Charles Blackman, one of Australia’s most acclaimed living artists, suffers from Korsakoff’s syndrome, a dementia-like memory disorder most commonly brought on by alcoholism.
Tom Lowenstein was appointed as his Power of Attorney. He recently urged the trustees of the Portia Geach Memorial Award to remove a painting of Blackman from view stating that the work is “terrible”.
Blackman has moments of lucidity and made the comment that it is a terrible painting which is why Lowenstein asked that it be withdrawn; the trustees rejected the request.
A power of attorney is a legal document that appoints and authorises someone to act on your behalf in the areas of property and financial management.
A power of attorney does not authorise anyone to make decisions, relating to lifestyle, health or personal affairs; if you want to do that you need to appoint an enduring guardian.
The person who makes the power of attorney is known as the principal; the person appointed to act for them is known as the attorney. An ‘attorney’ means your authorised representative, this is usually a family member or close friend.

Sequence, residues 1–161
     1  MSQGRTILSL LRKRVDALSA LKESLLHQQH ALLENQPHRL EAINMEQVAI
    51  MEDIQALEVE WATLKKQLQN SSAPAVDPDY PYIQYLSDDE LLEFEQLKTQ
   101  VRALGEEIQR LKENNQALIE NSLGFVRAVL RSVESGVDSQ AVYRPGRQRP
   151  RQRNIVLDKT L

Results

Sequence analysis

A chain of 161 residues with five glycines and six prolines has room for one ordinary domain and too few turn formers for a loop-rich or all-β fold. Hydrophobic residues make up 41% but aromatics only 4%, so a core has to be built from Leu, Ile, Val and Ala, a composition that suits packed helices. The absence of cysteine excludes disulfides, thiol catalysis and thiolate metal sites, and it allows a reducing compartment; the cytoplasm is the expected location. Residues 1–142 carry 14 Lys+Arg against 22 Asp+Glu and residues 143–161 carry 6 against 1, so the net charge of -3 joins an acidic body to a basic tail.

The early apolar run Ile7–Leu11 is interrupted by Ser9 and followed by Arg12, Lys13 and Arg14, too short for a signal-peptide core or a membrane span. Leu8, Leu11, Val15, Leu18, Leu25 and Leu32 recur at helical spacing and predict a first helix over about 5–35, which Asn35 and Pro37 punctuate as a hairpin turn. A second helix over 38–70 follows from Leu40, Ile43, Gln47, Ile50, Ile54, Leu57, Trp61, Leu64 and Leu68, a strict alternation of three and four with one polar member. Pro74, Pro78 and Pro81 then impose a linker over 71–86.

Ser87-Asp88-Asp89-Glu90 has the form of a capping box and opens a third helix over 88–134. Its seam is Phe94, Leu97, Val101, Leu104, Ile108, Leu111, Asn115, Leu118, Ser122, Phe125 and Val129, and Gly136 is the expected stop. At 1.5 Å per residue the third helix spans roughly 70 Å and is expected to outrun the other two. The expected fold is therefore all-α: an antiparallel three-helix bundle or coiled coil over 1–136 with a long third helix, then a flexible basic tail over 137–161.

You can appoint an attorney for:
- a limited period, or
- an indefinite period.
You might draw up a limited power of attorney to enable your attorney to act for you when you are overseas, or to deal with a specific situation in another state or overseas.
A power of attorney that is unlimited as to time applies until you die or revoke it.
If you want your power of attorney to still be valid even if you lose your mental capacity after you make it, you must make an enduring power of attorney.
In this case, the power of attorney must be explained to you by a prescribed person – usually a lawyer, who must sign a certificate stating that you understood the effect of giving an enduring power of attorney – that is, that the power of attorney will still be valid if you lose your mental capacity.
The attorney has full authority to deal with your affairs, therefore you must appoint someone you trust and who will act responsibly.
The attorney must
- act with good faith and
- tell you of any conflict of interest that may influence their ability to act responsibly and genuinely on your behalf.
A power of attorney will operate until:
- you cancel it
- your attorney no longer wants to act
- the Supreme Court or Guardianship Tribunal makes an order affecting the power of attorney.
- the attorney or the principal becomes bankrupt or dies
- the attorney loses their mental capacity (unless it is an enduring Power of Attorney).